Cataracts are a clouding of the lens of the eye. While they are common in the aging population, it’s important to know that they can occur at a much earlier age when you have diabetes.
What Causes Cataracts
As you age, the lenses of your eyes become less flexible, less transparent and thicker. When you have diabetes, high blood sugar (blood glucose) levels over time can lead to structural changes in the lens of the eye that can accelerate the development of cataracts.
If you have diabetes, you might be at greater risk for developing cataracts depending on how long you’ve had it, the frequency of glucose levels above your target range and the presence of macular edema—fluid build-up in the macula (located in the center of the retina). You may not notice cataracts, since symptoms can be minor until clouding affects the center of the eye, at which point the cataract can progress rapidly. Other causes of cataracts:
- Family history
- Eye injury
- Eye surgery
- Repeated eye injections
- Spending a lot of time in the sun without UV sunglasses
- Using certain medications, such as corticosteroids
Know the Symptoms
- Cloudy or blurry vision
- Seeing double in one eye
- Seeing halos around lights
- Being extra sensitive to light and glare
- Having trouble seeing well at night
- Bright colors seem faded
How to Prevent Cataracts
- Eat a diet rich in fruits and vegetables
- Do not smoke—and if you currently do, quit! You can get help by calling 1-800-QUIT-NOW (1-800-784-8669)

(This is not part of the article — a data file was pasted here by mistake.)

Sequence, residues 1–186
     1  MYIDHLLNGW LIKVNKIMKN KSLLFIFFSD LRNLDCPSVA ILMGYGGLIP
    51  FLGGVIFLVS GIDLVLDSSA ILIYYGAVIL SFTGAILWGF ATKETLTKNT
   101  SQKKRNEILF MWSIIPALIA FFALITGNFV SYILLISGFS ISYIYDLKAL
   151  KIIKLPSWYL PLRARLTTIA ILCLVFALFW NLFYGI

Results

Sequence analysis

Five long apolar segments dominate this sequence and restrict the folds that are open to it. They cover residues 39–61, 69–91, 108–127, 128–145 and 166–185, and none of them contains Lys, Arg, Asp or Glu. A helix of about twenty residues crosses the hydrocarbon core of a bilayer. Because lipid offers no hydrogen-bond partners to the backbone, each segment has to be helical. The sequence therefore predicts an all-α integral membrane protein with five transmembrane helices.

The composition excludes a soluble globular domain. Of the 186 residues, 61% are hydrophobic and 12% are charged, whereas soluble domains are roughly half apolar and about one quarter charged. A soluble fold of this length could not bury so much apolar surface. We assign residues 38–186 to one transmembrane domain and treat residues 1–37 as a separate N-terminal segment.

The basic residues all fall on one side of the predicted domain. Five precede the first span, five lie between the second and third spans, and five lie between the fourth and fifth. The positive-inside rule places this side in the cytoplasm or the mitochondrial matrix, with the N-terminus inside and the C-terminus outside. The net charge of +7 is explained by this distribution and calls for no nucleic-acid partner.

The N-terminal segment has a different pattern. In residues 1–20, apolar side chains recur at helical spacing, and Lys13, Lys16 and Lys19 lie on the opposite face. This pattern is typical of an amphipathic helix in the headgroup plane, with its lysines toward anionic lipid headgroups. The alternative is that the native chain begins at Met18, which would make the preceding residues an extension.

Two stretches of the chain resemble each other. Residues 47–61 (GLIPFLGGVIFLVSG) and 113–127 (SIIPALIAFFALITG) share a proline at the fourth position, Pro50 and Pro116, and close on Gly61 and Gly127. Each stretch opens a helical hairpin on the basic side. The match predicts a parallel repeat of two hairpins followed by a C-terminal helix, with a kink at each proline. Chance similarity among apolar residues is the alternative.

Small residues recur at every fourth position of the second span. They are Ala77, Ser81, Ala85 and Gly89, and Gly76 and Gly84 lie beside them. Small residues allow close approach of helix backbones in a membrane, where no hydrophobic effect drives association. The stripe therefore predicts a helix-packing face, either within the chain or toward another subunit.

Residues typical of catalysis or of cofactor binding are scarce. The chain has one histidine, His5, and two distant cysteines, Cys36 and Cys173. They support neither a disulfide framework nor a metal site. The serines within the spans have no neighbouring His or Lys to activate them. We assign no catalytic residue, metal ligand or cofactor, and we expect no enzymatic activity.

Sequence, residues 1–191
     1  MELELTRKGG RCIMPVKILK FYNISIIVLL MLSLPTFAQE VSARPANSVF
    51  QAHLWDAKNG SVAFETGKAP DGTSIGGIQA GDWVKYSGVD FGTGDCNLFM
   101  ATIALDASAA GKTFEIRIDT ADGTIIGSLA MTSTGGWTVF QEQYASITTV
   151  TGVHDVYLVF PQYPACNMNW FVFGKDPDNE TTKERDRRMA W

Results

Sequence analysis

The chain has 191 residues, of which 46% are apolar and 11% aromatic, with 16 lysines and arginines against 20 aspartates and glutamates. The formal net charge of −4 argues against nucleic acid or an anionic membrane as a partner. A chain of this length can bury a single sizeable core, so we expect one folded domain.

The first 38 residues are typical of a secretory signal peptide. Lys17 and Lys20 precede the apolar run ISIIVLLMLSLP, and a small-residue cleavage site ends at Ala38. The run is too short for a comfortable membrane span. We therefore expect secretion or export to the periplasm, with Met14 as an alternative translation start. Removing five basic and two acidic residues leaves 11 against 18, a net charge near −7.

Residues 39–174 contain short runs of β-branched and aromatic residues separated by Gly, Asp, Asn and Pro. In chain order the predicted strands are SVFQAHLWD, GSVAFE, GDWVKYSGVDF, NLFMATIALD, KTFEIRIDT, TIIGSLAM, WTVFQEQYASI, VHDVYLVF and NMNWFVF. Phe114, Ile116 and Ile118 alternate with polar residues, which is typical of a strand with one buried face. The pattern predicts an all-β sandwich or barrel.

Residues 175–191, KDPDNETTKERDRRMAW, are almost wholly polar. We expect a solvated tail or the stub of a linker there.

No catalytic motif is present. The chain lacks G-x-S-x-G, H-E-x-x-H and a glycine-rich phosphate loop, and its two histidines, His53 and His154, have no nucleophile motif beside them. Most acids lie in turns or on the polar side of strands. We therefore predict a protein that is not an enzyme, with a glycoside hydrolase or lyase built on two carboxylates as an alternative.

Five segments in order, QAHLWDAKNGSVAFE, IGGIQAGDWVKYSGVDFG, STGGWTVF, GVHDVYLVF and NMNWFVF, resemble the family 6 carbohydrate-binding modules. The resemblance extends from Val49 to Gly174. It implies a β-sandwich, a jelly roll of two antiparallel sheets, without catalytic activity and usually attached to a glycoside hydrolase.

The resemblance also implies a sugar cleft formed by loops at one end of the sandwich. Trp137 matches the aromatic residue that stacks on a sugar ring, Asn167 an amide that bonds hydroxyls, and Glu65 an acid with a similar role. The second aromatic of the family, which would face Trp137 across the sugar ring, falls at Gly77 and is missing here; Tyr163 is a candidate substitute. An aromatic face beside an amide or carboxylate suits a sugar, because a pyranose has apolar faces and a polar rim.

- Wear sunglasses with UV protection
Manage your glucose to stay within your target range (usually 80-180 mg/dL)
Know What to Do if You Get Them
If you start developing a cataract, you may be able to see better if you:
- Use brighter lighting
- Wear anti-glare prescription glasses and sunglasses
- Use magnifying lenses when needed
- Talk to your eye doctor about updating your eyeglass prescription
Cataract Surgery: The Ultimate Treatment
The purpose of your lens is to bend light rays that come into the eye to help you see. Surgery removes the clouded lens and replaces it with an artificial lens. The artificial lens is placed in the same spot as your natural lens and remains a permanent part of your eye.
Cataract surgery can be done in either an outpatient setting or in a hospital. Your eye will be numbed with eye drops or with an injection around the eye. You will be awake during surgery and may see light and movement during the procedure, but you will not feel or see what the doctor is doing to your eye. The surgery itself may take only 10 minutes, but before you leave, you may need several hours of recovery after the procedure.
Recovering After Cataract Surgery
Here are some things to keep in mind after a cataract surgery:
- You may have to use eye drops after surgery
- You will be asked to not rub or press on your eye
- Your eye doctor (ophthalmologist) may ask you to wear eyeglasses or a shield to protect your eye
- Full sight recovery may take several weeks
- Complications from surgery can arise, but aren’t common
If you have a cataract, consult with your eye doctor to find out the treatment options that are right for you. Find more resources to protect your eye health.